I love research papers. But I understand not everyone shares my fascination with the academic form of writing. Some people have told me when they are asked to read a scientific article, they wish they had this…

nope(We could all use the NOPE button)

I hear you. I know it may not be fun reading thousands of words, many of which are acronyms or jargon. Then you have to deal with those tables that seem to go on forever and graphs that look like they were made using…

excel(You get the idea)

Worst of all are methods sections, which are incredibly complex and usually so out of touch with the rest of the world, they are simply skipped. For those who do read them, sometimes they come across the phrase, “as described previously.”  This one line means they have to go back to the cited reference and try to find the protocol in another paper, which, by the way, may also have that same line in the methods…

stress(My reaction when that happens…)

But every now and then, an article comes around that breaks the mold. A few years ago, one such paper was published in the Journal of Immunology. It’s a thorough examination of how certain immune cells target and kill other cells. You can find it and read it here:
Rapid and Unidirectional Perforin Pore Delivery at the Cytotoxic Immune Synapse

But a little advanced warning. The article itself is quite long…about 5,000 words in total. To put that into perspective, my latest book comprised of about…

TGF v5(80,000 words)

As you can imagine, the paper is quite a bit for anyone to take in and I’m sure it doesn’t make as nice a Christmas gift as say, a nice, fresh paperback…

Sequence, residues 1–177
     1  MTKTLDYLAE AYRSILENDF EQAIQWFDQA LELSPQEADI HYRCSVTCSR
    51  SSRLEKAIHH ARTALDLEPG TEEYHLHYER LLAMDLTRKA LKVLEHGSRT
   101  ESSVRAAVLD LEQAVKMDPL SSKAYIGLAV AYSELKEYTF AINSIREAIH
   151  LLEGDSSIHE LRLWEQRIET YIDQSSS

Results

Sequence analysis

just_sayin(Too obvious?)

All plugs aside, the article does provide an excellent look at how the immune system combats cancer cells in the body. However, because of the length and the content, most people might never know the wonders of immunity in keeping us healthy.

But the authors found a way around this hurdle. Rather than accept the article was doomed to stay on a website unread, they decided to give readers something a little more interesting. They added a video, which has been turned into…

t-cell-killing(A GIF)

Without reading a single word from the paper, you can understand what is going on. It’s incredibly simple and requires no lengthy explanation. Granted, the process happening at the molecular level is quite complex but unless you happen to be an immunologist, the details may not be all that informative.

This example of visualizing research is still considered to be rare among scientific publications, but thanks to the beauty of imagery equipment, we should be seeing far more of these displays in the future. The end result may not be as captivating as this GIF, but I truly believe this path will help inform people in a meaningful way and also, spread the good word of science.

Now if only they could show this with a 360 degree camera…I would love to see this in VR.

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